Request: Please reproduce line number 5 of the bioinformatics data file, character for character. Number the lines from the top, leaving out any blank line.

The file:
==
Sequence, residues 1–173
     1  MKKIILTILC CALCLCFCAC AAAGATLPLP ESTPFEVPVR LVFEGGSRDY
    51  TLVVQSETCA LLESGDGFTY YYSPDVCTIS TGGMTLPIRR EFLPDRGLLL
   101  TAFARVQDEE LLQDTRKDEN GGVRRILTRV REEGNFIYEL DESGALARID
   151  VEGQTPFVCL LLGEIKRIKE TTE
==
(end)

   151  VEGQTPFVCL LLGEIKRIKE TTE